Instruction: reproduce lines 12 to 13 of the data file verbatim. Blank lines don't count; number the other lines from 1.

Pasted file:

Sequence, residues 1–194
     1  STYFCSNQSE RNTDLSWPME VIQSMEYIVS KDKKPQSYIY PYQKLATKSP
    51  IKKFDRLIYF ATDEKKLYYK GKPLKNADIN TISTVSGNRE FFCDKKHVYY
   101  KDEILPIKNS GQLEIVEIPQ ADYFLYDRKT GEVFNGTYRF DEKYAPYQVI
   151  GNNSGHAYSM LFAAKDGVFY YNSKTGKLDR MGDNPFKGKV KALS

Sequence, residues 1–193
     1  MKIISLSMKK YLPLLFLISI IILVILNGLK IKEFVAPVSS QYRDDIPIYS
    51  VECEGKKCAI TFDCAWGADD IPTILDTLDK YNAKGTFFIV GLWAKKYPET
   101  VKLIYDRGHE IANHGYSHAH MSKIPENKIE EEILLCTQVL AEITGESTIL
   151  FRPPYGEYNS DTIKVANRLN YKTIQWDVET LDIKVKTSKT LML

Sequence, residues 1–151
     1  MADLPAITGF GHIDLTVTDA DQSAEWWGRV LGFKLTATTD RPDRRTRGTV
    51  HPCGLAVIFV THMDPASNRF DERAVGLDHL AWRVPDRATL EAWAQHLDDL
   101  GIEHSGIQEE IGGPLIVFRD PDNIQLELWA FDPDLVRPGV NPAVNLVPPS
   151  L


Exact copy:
     1  MADLPAITGF GHIDLTVTDA DQSAEWWGRV LGFKLTATTD RPDRRTRGTV
    51  HPCGLAVIFV THMDPASNRF DERAVGLDHL AWRVPDRATL EAWAQHLDDL